• International Journal of Advances in Engineering & Technology, Jan 2012.©IJAET ISSN: 2231-1963 Fig.1: Routing Scheme illustration.III. SHORTEST PATH ROUTINGFirst we see what is shortest path, suppose you want to find the shortest path betweentwo intersections on a city map, a starting point and a destination. The order is conceptually simple: tostart, mark the distance to every intersection on the map with infinity. This is done not to imply thereis an infinite distance, but to note that that intersection has not yet been visited. (Some variants of thismethod simply leave the intersection unlabeled.) Now, at each iteration, select a current intersection.For the first iteration the current intersection will be the starting point and the distance to it (theintersections label) will be zero. For subsequent iterations (after the first) the current intersection willbe the closest unvisited intersection to the starting point—this will be easy to find. From the currentintersection, update the distance to every unvisited intersection that is directly connected to it—this isdone by relabeling the intersection with the minimum of its current value and value of the currentintersection plus the distance between. In effect, the intersection is relabeled if the path to it, throughthe current intersection is shorter than the previously known paths. Fig.2: The scheme of the LB-SPR implementation [1].To facilitate shortest path identification, in pencil, mark the road with an arrow pointing to therelabeled intersection if you label / reliable it, and erase all others pointing to it. After you haveupdated the distances to each neighboring intersection, mark the current intersection as visited andselect the unvisited intersection with lowest distance (from the starting point) -- or lowest label—asthe current intersection. Nodes marked as visited are labeled with the shortest path from the startingpoint to it and will not be revisited or returned to. Continue this process of updating the neighboringintersections with the shortest distances, then marking the current intersection as visited and movingonto the closest unvisited intersection until you have marked the destination as visited. Once you have 457 Vol. 2, Issue 1, pp. 455-462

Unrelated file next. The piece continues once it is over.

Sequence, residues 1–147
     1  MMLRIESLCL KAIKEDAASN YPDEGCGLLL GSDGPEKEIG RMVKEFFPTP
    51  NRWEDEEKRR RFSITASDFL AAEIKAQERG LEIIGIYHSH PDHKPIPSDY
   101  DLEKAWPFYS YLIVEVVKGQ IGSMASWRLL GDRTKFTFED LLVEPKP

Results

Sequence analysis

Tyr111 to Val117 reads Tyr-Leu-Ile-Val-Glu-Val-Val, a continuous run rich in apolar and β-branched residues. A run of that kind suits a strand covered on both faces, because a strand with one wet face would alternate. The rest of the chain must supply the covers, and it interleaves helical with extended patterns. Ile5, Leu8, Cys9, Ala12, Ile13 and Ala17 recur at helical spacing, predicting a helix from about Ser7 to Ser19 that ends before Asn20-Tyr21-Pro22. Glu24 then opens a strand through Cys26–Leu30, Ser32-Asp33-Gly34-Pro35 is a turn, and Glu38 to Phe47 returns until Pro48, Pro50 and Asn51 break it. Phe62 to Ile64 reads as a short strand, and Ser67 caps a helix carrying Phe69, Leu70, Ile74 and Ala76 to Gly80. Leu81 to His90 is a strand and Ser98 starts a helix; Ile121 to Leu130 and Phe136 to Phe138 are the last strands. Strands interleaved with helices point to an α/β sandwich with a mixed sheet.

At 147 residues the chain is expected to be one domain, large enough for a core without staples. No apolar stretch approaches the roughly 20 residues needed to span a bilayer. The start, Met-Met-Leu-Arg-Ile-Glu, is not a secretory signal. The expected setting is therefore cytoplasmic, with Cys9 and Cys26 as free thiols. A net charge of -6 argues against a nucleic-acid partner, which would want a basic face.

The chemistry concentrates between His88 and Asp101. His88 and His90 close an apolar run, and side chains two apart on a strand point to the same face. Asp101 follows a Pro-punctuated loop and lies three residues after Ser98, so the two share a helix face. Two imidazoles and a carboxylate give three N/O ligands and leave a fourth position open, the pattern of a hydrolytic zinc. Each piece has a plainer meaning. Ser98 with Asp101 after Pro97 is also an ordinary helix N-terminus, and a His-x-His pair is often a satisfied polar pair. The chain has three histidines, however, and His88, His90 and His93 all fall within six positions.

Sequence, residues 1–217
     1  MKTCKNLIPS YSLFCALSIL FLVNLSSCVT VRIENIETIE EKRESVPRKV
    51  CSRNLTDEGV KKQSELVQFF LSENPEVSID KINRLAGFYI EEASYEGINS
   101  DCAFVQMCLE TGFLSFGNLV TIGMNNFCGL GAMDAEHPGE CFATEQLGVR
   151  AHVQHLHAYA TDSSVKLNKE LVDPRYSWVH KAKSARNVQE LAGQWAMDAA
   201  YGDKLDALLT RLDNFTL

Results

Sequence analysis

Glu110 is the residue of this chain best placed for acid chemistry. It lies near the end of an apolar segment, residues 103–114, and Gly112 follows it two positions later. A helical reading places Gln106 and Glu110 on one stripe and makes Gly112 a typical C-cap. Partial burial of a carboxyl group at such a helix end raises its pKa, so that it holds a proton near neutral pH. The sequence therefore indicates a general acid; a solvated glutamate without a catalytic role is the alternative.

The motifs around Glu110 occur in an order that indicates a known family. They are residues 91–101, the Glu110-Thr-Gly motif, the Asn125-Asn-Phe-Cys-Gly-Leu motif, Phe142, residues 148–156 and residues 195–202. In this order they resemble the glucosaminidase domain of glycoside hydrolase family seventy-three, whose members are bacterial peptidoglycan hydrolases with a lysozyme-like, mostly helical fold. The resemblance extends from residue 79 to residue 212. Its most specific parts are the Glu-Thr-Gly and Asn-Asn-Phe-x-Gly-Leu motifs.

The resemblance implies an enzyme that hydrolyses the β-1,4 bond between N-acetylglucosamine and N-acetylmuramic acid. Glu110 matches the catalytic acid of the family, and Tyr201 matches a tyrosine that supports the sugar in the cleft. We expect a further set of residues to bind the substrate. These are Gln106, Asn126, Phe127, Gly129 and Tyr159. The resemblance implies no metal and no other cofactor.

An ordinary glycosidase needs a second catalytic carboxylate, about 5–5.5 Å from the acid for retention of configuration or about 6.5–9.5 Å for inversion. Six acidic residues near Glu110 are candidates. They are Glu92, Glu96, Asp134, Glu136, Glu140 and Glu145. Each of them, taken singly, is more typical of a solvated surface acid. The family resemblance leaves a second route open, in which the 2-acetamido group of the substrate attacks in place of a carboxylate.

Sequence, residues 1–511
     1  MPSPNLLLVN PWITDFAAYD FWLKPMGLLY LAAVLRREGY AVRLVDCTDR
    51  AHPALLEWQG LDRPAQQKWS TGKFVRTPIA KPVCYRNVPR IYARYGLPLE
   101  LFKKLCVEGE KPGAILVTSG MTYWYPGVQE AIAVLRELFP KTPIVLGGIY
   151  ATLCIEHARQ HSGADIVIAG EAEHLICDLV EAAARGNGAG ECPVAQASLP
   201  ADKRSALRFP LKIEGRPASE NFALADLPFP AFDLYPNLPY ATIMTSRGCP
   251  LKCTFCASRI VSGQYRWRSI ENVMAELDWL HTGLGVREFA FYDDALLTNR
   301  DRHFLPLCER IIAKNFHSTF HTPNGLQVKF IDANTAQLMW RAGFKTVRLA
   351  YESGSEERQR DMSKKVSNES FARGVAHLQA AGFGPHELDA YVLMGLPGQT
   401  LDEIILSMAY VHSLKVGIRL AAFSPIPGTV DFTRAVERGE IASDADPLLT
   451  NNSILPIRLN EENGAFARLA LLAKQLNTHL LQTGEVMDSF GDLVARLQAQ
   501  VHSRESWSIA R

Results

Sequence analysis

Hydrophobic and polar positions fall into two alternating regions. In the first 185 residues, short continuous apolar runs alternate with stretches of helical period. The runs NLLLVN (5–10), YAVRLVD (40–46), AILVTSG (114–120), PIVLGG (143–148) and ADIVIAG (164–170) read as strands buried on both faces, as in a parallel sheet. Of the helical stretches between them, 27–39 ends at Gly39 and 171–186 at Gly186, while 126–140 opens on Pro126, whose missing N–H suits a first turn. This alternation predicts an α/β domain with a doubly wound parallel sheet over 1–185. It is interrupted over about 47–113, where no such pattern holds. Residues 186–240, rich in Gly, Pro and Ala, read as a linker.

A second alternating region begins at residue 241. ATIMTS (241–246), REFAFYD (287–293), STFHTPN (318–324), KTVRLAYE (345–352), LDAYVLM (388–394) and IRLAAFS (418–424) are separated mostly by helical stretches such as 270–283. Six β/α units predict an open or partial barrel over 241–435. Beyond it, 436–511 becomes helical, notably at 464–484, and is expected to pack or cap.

• International Journal of Advances in Engineering & Technology, Jan 2012.©IJAET ISSN: 2231-1963marked the destination as visited (as is the case with any visited intersection) you have determined theshortest path to it, from the starting point, and can trace your way back, following the arrows inreverse.IV. IMPLEMENTATIONIn this section, the implementation of the previously analyzed LB-SPR routing protocol. In order tomake LB-SPR as compatible as possible to OSPF, it is implemented in each OSPF area separately.When a packet enters the OSPF area, its intermediate router is determined. The proposed routingscheme uses OSPF to route the packets between the source router and the intermediate router, as wellas between the intermediate router and the destination router. Here, the source router is the first routerthat the packet encounters when it enters the OSPF area, and the destination router is the last routerthat the packet passes in the OSPF area under consideration. In a common IP router that uses theOSPF protocol, when a packet arrives to the router, it is first processed by the packet processor. Thepacket processor uses its lookup table to determine the router output port to which the packet shouldbe forwarded based on its destination IP address. The lookup table is updated whenever the networktopology changes, which provides an autonomic reliability. A software module calculates new lookuptable based on the LSA (Link State Advertisement) control packets exchanged through the OSPFprotocol, and sends it to the packet processor. The balancing coefficients are recalculated wheneverthe network topology changes, which provides the same autonomic reliability as does the OSPF.The LB-SPR implementation is illustrated in Fig. 2. The solution is based on the OSPFimplementation, which is extended to support load balancing. First, it was necessary to allow theretrieval and distribution of the specific information needed by the linear program for the routingoptimization, such as the node weights Ci. Finally, the load balancer was implemented to route thepackets entering the OSPF area according to LB-SPR. Load balancer first has to determine theintermediate router for each incoming packet, and then to direct the packet accordingly. Specifiedportions of all the flows entering source routers have to be directed to the intermediate routers,according to the calculated optimal values of the coefficients ki. We chose the loose source routing asthe simplest IP-based solution. Namely, the destination IP address of a packet entering the OSPF areais replaced with the IP address of the intermediate router, while the destination address becomes partof the loose source routing option field.Let us summarize how the packets are processed in the router shown in Fig. 2. The path for the “new”packet entering the OSPF area is represented with the full line in Fig. 2. The packet which is enteringthe OSPF area has to be processed by the load balancer, which determines the intermediate router forthe packet, and modifies the IP header accordingly. Once the packet has been modified by the loadbalancer, it is forwarded through the network using the standard OSPF routing tables. On the otherhand, the path of the “old” packet that has already been modified by its source router is represented bythe dashed line. This packet is only passing through the given router, and does not need to beprocessed by the load balancer. The information needed to route this packet can be obtained from thestandard OSPF routing table.4.1 Extended OSPF ModuleIn the case of the regular OSPF, the changes of the network topology trigger the recalculation of theOSPF routes. For LBSPR, every time the topology changes it is also necessary to repeat the routingoptimization and recalculate the balancing coefficients ki, based on the updated OSPF routing tables.The node weights Ci are needed to run the optimization. These weights can be set by theadministrator, or can be, more desirably, autonomic. Therefore, we use the SNMP protocol to detectthe operational state of the router interfaces in the network, as well as their speeds. The use of theSNMP to detect the changes of the interface operational states (up or down), and their capacities allowtogether with the OSPF mechanism full automation of the topology change discovery and distribution.Using SNMP, each router learns the operational state of its interfaces and their speeds, and distributesthis control information inside the OSPF area. The opaque LSAs with the area-local scope are used toconvey this information according to the OSPF standard. Opaque LSAs were introduced to provide ageneralized mechanism to allow for the future extensibility of OSPF. Opaque LSA consists of thestandard LSA header followed by the 32-bit application-specific information field. In our 458 Vol. 2, Issue 1, pp. 455-462